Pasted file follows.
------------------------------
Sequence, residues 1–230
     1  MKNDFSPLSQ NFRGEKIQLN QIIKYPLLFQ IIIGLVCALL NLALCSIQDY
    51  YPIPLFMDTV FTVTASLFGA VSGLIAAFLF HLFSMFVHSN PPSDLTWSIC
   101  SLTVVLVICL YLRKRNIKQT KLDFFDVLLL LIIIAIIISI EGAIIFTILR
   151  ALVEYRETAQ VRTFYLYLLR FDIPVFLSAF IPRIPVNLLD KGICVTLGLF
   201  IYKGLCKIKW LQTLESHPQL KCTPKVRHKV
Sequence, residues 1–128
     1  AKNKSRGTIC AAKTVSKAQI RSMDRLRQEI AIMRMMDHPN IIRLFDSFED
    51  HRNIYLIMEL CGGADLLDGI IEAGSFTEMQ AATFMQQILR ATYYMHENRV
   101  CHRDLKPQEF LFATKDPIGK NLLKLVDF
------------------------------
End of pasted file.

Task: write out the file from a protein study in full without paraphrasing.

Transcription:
Sequence, residues 1–230
     1  MKNDFSPLSQ NFRGEKIQLN QIIKYPLLFQ IIIGLVCALL NLALCSIQDY
    51  YPIPLFMDTV FTVTASLFGA VSGLIAAFLF HLFSMFVHSN PPSDLTWSIC
   101  SLTVVLVICL YLRKRNIKQT KLDFFDVLLL LIIIAIIISI EGAIIFTILR
   151  ALVEYRETAQ VRTFYLYLLR FDIPVFLSAF IPRIPVNLLD KGICVTLGLF
   201  IYKGLCKIKW LQTLESHPQL KCTPKVRHKV
Sequence, residues 1–128
     1  AKNKSRGTIC AAKTVSKAQI RSMDRLRQEI AIMRMMDHPN IIRLFDSFED
    51  HRNIYLIMEL CGGADLLDGI IEAGSFTEMQ AATFMQQILR ATYYMHENRV
   101  CHRDLKPQEF LFATKDPIGK NLLKLVDF